They are also available for viewing and download through SlideShare: Cloud Powered Mobile Apps with Azure | Build end-to-end video experiences with Azure Media Services.

As well, I have zipped up my demonstrations and added them to Dropbox. In this file you will find the step-by-step notes to re-create the demos plus all of the code snippets. The zip file also contains the PowerPoint files listed above.

You can also find these links as well as more information about my previous public speaking engagements under my Presentations page.

Please contact me if you have any follow up questions from the event. My contact information is also available within the slides.

Publishing scripts to TechNet

I have been experimenting with PowerShell for a while now and I have come to the conclusion that it is a very powerful tool. I like being able to manipulate various objects in the operating system so that I can automate everyday tasks.PowerShell Logo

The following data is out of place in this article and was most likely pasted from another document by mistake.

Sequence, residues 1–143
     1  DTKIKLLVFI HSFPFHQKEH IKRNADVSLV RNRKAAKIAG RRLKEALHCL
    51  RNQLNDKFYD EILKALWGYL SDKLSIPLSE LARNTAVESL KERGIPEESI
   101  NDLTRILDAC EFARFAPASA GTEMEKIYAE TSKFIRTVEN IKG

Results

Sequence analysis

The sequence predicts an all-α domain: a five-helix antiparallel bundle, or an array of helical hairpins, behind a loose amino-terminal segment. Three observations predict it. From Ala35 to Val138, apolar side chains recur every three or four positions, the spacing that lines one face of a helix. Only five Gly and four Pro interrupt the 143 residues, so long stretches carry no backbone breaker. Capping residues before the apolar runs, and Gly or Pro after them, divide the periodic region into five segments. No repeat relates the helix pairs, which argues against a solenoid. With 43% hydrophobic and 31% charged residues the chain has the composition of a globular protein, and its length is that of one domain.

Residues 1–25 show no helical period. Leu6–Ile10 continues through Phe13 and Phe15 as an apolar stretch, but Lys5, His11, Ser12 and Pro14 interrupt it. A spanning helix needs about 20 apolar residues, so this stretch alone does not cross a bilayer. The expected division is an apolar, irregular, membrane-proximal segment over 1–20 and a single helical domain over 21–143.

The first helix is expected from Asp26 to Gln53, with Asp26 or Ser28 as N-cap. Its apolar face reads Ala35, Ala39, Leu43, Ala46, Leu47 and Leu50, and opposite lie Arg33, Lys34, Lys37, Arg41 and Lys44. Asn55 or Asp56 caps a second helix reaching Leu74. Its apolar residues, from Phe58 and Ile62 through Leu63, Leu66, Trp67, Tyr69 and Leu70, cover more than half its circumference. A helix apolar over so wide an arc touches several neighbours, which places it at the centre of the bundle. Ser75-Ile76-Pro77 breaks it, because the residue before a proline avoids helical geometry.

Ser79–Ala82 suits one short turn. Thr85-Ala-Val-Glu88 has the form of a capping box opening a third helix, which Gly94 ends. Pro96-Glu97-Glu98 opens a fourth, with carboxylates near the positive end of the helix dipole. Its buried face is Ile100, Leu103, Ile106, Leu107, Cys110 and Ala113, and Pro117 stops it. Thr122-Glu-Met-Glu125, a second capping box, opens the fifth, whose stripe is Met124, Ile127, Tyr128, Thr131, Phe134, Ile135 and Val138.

One of the things I do a lot of is search my system for files. Normally I look by name but sometimes I need to search by file extension. So, I thought this would be the perfect candidate for a script.

Now, this blog post will not go into great detail on what this script does. If you want to view it or download it you can find it in my .

Similarly, I will assume you know how to run scripts in PowerShell. If you have never used PowerShell then now is the time to learn! There are lots of tutorials on the web. You can start with the Windows PowerShell User’s Guide.

Instead, this post is about how you can contribute scripts to TechNet on the Microsoft site. If you are unfamiliar with TechNet consider it a portal containing information and technical resources for Microsoft products.